Is This The End Of Ham Radio As We Know It?

I applaud Pete Smith, N4ZR, Rick Walker, K4TD, Felipe Ceglia, PY1NB, and Nick Sinanis, F5VIH for their innovation — Reverse Beacon Network (RBN) Telnet Feed combines data output of all current RBN Skimmer receivers at no-charge for ham radio operators world wide.

Is this the end of ham radio as we know it?

Certainly, not.

Boomer And Millennial.
I’m a late Baby Boomer born in 1964 at the tail end of my generation. Some say, we are the silent cohort, our voices eclipsed by earlier Boomers and the later Millenials. However, what is not recognized; we witnessed and actively participated in all the infant technologies that are now beginning to mature.

I played Atari with its read only memory cartridges. I have dialed both a rotary and touch tone phone. I watched wireless television succumb to cable when Home Box Office was a big deal on the block. We used push button remotes tethered to a cable before the ubiquity of wireless remotes. Remember, when someone actually switched channels on an analog dial?

I pushed eight track cassettes into players before cassette tapes ruled one’s Sony walkman. I participated in the battle of beta and VHS for dominance in delivering home entertainment; renting a movie was a big deal. Today, format competition continues as Blu-Ray wrestles for market share against that of DVD.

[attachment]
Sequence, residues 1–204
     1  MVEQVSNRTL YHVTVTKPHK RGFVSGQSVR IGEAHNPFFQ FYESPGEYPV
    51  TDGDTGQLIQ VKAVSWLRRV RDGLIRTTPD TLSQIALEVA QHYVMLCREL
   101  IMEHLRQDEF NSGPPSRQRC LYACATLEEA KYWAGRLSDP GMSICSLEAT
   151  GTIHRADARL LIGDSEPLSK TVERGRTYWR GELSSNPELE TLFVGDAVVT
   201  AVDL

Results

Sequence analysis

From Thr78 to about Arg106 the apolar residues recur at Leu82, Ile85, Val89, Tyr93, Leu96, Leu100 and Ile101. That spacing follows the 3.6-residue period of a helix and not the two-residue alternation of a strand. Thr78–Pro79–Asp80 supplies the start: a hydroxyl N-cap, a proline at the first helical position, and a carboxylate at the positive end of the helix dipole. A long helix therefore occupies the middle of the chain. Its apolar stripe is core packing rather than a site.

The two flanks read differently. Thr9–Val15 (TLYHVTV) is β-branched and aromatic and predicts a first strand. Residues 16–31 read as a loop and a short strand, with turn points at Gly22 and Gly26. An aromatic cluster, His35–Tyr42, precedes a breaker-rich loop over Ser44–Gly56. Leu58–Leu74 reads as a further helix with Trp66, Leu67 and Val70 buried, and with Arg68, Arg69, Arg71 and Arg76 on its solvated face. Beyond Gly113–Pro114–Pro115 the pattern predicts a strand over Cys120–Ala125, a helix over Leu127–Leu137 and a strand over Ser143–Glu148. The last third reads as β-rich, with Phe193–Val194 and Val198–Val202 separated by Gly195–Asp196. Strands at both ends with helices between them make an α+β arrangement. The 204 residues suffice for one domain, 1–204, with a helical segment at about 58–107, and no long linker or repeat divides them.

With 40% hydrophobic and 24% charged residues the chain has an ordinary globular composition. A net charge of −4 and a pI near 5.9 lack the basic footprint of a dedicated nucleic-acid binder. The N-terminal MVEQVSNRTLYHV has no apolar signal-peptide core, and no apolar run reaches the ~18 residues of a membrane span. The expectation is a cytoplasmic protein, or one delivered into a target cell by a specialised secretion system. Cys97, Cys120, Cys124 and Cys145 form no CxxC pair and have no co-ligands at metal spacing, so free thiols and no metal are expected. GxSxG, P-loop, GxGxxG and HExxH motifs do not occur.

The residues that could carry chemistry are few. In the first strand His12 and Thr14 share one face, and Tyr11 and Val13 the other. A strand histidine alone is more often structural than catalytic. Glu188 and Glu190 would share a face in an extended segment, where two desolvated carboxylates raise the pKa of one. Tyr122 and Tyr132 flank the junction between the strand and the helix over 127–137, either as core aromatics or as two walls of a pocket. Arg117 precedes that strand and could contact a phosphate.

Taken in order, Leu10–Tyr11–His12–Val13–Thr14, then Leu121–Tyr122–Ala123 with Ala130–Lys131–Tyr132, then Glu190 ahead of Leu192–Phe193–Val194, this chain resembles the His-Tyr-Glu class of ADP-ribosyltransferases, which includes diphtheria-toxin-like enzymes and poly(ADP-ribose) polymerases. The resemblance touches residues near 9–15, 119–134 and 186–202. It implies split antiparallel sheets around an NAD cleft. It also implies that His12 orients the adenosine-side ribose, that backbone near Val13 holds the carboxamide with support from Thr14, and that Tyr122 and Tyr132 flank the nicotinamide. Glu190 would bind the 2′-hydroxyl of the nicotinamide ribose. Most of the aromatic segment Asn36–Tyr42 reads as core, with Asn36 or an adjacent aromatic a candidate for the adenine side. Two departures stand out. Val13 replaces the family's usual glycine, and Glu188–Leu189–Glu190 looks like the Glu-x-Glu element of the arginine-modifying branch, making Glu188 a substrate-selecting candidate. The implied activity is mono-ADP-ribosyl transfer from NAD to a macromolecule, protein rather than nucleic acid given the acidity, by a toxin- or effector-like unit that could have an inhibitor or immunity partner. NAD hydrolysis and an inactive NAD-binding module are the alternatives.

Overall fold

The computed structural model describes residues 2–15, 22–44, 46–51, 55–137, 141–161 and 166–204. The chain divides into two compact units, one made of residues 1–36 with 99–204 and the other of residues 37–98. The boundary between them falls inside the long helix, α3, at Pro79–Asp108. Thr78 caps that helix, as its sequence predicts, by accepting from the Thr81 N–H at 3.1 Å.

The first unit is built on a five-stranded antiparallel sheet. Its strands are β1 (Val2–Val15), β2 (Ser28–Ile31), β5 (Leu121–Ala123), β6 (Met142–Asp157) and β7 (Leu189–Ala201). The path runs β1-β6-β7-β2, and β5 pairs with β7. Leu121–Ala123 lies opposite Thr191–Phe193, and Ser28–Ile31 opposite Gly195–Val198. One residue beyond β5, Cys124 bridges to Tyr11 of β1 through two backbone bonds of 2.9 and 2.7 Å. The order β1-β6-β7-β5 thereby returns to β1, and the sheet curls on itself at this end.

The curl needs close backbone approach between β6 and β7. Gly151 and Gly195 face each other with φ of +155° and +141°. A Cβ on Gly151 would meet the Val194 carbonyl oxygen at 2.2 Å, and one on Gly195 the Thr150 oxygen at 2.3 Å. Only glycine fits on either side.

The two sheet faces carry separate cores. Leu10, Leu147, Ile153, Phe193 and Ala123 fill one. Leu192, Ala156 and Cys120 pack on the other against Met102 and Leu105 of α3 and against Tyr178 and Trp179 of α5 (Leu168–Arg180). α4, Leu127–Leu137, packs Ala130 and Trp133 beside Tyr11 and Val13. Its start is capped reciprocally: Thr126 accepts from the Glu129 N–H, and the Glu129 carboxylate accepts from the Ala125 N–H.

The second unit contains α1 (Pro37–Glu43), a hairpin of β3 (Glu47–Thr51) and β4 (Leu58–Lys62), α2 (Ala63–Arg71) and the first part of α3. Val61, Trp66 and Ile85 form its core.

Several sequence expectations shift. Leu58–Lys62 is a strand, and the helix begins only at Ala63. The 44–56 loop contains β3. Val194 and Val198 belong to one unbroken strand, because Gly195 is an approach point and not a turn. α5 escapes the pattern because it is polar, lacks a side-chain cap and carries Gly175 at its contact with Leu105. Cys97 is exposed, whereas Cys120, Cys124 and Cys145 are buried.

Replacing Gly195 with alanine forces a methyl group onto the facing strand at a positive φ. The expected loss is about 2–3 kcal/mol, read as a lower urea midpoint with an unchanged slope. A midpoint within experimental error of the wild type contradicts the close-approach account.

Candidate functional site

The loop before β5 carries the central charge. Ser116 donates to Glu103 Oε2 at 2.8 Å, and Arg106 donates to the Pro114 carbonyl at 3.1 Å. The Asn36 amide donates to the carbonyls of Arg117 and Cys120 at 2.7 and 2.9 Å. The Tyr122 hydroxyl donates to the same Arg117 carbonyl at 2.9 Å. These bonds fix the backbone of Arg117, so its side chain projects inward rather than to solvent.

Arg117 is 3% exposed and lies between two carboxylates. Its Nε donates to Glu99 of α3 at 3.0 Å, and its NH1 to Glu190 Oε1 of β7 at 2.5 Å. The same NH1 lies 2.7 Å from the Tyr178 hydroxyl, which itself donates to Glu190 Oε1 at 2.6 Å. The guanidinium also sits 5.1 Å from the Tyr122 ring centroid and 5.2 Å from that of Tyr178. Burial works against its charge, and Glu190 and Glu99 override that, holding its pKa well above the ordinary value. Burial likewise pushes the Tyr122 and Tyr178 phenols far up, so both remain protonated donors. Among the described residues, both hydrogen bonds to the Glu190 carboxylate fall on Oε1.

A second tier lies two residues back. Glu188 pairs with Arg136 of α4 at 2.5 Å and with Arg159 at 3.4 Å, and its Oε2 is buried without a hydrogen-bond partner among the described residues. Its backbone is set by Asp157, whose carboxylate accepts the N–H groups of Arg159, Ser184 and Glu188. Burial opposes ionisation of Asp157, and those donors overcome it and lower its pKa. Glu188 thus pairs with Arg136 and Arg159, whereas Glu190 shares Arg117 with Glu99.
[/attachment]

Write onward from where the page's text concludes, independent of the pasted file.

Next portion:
Change is not a big deal for the silent cohort or those thereafter, perhaps, it is expected, sometimes begrudgingly, sometimes with fascination.

However, even beyond the CQ Contest Digest discussion, a chasm exists between keeping ham radio in its purist form and technological progress. I hear those who are steadfastly resolved that ham radio is nearing an apocalypse — robots will soon replace humans in RadioSport?

I’d like to know, how many still spin their dial, looking for a DXCC counter given the near efficiency of spotting networks? Can one with a reasonable commitment to occupation and family afford such a time consuming luxury? Retirees need not answer that question.

The same is said, dial tone replaced rotary, compact disc replaced VHS, and liquid crystal displays replaced cathode ray tubes. What happened to auto-patch? Essentially, at the end of the day, it is digital change and the anxiety that follows the disruption of long established comfort zones.

The Reverse Beacon Network Telnet Feed is not the end of ham radio. It is technological progression perhaps at the level of software and digital signal processing. I did not immediately leap to the idea that it is the symbolic end of RadioSport, rather, RBN is the result of hard work by a group of men who care about the longevity of ham radio.

RBN is a beginning and not the end.

See Also.
Fi-Ni Report : Contester Criticizes New Technologies.

Scot Morrison, KA3DRR, is a regular contributor to and writes from California, USA.

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